The White Mountains
1982 / 2003
One of the remarkable things I have come upon in my travels is the Old Man of the Mountain. To wit…
Men hang out their signs indicative of their respective trades; shoe makers hang out a gigantic shoe, jewelers a monster watch and the dentist hangs out a gold tooth. But up in the Mountains of New Hampshire, God Almighty has hung out a sign to show that there He makes men.
If you stand in Profile Lake, or on the shore, and look in a southwesterly direction, there is a big old stone mountain. Look upward about 1200 feet and perched on the shoulder of the mountain is a forty-foot-high person profile that has stirred the hearts of poets. An enormous mythology grew up around this natural rock formation, and the symbol of the profile has made its rounds of businesses, government, recreational and social groups. It even appears on Hew Hampshire road signs and the state quarter.
My New England friend Marc first introduced me to the Old Man of the Mountain during a visit in his part of the country. From the right viewpoint, five slabs of granite jut out from a mountain so as to present the profile of an old man looking to the east. This dude had been looking to the east for thousands of years.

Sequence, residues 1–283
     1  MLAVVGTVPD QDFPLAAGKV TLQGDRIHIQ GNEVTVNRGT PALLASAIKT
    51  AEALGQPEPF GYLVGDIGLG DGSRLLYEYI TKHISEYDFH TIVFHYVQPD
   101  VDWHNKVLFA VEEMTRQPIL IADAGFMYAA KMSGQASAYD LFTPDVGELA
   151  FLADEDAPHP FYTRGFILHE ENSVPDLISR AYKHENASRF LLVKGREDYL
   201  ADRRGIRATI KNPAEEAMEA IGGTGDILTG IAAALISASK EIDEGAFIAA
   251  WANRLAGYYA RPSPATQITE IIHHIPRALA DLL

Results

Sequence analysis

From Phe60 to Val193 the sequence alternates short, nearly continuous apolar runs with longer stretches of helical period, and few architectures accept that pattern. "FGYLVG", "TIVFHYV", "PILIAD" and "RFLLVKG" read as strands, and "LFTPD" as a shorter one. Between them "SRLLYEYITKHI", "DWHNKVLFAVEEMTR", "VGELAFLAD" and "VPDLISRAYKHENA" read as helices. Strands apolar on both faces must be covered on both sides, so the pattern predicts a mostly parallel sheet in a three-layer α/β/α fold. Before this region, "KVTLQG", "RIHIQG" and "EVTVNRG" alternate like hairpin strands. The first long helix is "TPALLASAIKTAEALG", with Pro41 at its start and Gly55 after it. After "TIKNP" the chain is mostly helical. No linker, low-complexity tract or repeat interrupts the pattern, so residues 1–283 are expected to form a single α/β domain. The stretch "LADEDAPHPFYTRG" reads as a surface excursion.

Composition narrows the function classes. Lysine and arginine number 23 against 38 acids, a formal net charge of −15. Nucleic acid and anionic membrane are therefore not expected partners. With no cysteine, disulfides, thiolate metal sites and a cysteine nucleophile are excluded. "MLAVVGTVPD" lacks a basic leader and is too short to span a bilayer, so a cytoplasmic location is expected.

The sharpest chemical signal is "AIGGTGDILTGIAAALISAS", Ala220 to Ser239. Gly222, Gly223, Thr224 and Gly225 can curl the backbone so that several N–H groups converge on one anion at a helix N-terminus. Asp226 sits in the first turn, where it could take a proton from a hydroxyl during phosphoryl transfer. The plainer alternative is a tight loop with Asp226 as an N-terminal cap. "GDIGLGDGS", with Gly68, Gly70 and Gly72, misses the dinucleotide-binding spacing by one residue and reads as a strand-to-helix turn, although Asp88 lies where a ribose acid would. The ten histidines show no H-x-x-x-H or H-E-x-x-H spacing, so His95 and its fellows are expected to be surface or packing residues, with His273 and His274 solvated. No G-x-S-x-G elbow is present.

Twenty-eight miles southwest of Mount Washington, Lisa and I drive past Franconia Notch State Park, former home of a famous New Hampshirite. In the old days here, if you stood on the shore of what was then Echo Lake, and you looked 1200 feet up into the air and tilted your head in a southward direction, you would see, perched on the shoulder of Cannon Mountain, a forty-foot-high profile of a human face, but made of stone. If it were flesh and blood, at that size, it would be too freaky. And yet, this geologic feature has stirred the hearts of poets and writers and promoters of commerce.
The visage adorns New Hampshire road signs and quarters and in 1945, was chosen to appear as a major part of New Hampshire’s official state emblem.
Marc first introduced me to the Great Stone Face, five slabs of granite on Cannon Mountain jutting out in such a way as to present the profile of a craggy old man looking to the east. This dude had been looking east for at least 2000 years, possibly as long as 10 000 years, give or take twenty minutes. Until…
Early in the morning of May 03, 2003, the poor old guy had a breakdown: The stone slabs gave way and tumbled to the valley below. Face off. These days, looks like nothing more than a standard beautiful, picturesque, New Hampshire granite mountain. Alas. Friends come and go.